The Carlisle Mosquito Online

Friday, March 24, 2006


Vernal Pools

Woodfrog. (Photo by Kay Fairweather)
The vernal equinox, which marks the beginning of spring, occurred on Monday, March 20, and is one of the two days in the year when the length of the day is equal to the length of the night. I joined Tom Brownrigg at the Benfield Land and watched the sun come up over the treetops approximately 30 degrees to the east of where it rose on the winter solstice. I thought this would be a good week for an overview on vernal pools.

Definitions: There are many definitions of vernal pools, some in popular use and others with specific meanings to scientists and regulators. A general definition would be a pond that dries up every summer (or every few summers) and comes back every year. The Field Guide to the Animals of Vernal Pools defines them as "any fish-free temporary wetland that supports indicator species." This is a good workable definition once you know the indicator species, and if you don't mind relative terms like "temporary." Just think of the temporary Rourke bridge set up across the Merrimack River in Lowell in 1983 and still in use today. The definition of temporary, for a vernal pool, would be a period of time short enough to prevent breeding populations of fish from becoming established, and long enough to support the life cycles of the indicator species.

Indicator species: There are two kinds of indicator species — those that are completely dependent on vernal pools, and those that use both vernal pools and other wetlands. The former, called obligate species, are the wood frog, four types of mole salamanders, two types of fairy shrimp, and the spadefoot toad (a threatened species, known in Plum Island and probably not occurring in Carlisle). The other group, called facultative, has a lot more species and includes spring peepers and other frogs and toads, many turtles, amphibious snails, leeches, fingernail clams, and the larvae of many insects. The obligate species are seldom seen. This is due to a combination of their reclusive life style and our inattention. It is not indicative of their numbers or their significance to the health of the ecosystem. Sometime soon we will be hearing from hundreds of wood frogs as they turn on their cell phones — all with the same quacking call signal, all on high volume — and frantically, urgently calling around for a date. The noise more than compensates for the quiet nature of the mole salamanders and the tiny fairy shrimp. The presence of mole salamanders is usually confirmed by finding their eggs, which have various distinguishing characteristics. Fairy shrimp are small crustaceans, up to 1.5 inches long, and are well camouflaged by the leaf litter in the pond. I will write a column featuring the fairy shrimp when and if I catch one — or anyone can take this as a challenge to beat me to it.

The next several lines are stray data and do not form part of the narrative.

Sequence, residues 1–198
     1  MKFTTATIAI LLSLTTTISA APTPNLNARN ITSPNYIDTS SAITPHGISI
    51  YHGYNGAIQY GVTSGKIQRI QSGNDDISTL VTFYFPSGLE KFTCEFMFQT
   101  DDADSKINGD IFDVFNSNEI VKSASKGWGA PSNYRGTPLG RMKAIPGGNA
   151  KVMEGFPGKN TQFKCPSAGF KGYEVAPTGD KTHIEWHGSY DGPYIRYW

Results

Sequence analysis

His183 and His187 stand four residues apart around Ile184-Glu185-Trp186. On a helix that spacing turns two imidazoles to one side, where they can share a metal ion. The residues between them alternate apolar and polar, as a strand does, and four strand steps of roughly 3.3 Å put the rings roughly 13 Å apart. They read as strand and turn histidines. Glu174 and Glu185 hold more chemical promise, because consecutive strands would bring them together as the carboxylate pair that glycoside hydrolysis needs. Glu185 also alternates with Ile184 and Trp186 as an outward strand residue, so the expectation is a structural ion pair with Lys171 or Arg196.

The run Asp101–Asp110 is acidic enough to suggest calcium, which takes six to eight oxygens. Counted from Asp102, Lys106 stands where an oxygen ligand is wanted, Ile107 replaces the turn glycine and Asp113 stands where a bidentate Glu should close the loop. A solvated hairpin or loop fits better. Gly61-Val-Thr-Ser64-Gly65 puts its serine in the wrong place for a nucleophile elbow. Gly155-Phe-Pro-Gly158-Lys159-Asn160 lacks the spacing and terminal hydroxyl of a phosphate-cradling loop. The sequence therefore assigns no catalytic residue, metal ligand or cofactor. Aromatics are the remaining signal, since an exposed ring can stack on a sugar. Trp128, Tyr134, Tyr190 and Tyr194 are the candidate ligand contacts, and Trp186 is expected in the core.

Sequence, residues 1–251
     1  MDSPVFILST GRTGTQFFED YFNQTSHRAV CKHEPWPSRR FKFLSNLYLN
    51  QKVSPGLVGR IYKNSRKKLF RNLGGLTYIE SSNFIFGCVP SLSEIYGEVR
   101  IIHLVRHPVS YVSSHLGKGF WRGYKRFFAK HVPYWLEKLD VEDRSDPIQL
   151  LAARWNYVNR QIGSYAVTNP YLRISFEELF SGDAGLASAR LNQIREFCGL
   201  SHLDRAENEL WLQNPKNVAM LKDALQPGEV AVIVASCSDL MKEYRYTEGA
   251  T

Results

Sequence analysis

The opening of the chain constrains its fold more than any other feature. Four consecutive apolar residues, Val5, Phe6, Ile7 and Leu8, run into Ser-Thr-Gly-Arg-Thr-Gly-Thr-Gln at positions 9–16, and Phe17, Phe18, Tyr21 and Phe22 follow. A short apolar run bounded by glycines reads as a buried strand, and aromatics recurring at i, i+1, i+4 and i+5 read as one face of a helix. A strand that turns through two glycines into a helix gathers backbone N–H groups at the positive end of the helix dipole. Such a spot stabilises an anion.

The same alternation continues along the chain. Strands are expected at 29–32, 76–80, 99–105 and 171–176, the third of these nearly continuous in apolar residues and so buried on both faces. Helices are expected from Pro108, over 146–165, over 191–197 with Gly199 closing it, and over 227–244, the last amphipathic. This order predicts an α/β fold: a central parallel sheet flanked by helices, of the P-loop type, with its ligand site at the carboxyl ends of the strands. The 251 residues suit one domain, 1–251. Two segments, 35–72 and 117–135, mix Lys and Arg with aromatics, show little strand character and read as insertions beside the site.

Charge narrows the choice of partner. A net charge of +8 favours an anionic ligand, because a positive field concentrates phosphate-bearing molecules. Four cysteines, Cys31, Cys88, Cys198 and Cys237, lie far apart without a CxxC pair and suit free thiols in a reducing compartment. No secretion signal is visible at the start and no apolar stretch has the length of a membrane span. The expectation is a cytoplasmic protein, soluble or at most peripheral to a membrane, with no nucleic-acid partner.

Spotted salamanders. (Photo by Kay Fairweather)
Salamander migration: On the first few rainy nights in early spring when the temperature is 40 degrees or more, the spotted salamanders and blue-spotted salamanders migrate en masse to vernal pools to breed. The Jefferson salamander migrates earlier, sometimes when the ground is still partially frozen and ice is still on the ponds. The fourth of the mole salamanders, the marbled salamander, uses a different strategy. It seeks out a dry vernal pool in August or September, lays its eggs in a nest, and tends them until they hatch when the pool fills in the fall. If the pool does not fill before winter, the female abandons her nest to find a place to hibernate.

Certification: A vernal pool in Massachusetts may be certified, a process which officially establishes its existence and affords it some legal protection from habitat disruption. Anyone can send evidence of a vernal pool to the state for certification. Everything you need to know about the three methods of certification is at the Natural Heritage web site listed below in references. All methods are based on the presence of indicator species. You need to learn the indicator species, collect the evidence, and document it using the appropriate forms. Tom Brownrigg has certified some Carlisle vernal pools and is willing to help others who are interested.

April 23, save the date: The Trails Committee is hosting a vernal pool walk on April 23 at a site yet to be selected. Chris Kavalauskas, an expert in this topic, will be the leader.

References: Leo P. Kenney and Matthew R. Burne, Field Guide to the Animals of Vernal Pools — I highly recommend this book for children or adults. It has lots of color photos and excellent descriptions and is available at the Town Hall for $10. Also, the Natural Heritage and Endangered Species Program web site (go to and click on "Natural Heritage."

Submissions to Biodiversity Corner are encouraged from everyone. you can write the column or tell me what you saw and I will write it. the only requirements are that the species exists in the wild and was seen in Carlisle. Send a message to Kay Fairweather at

2006 The Carlisle Mosquito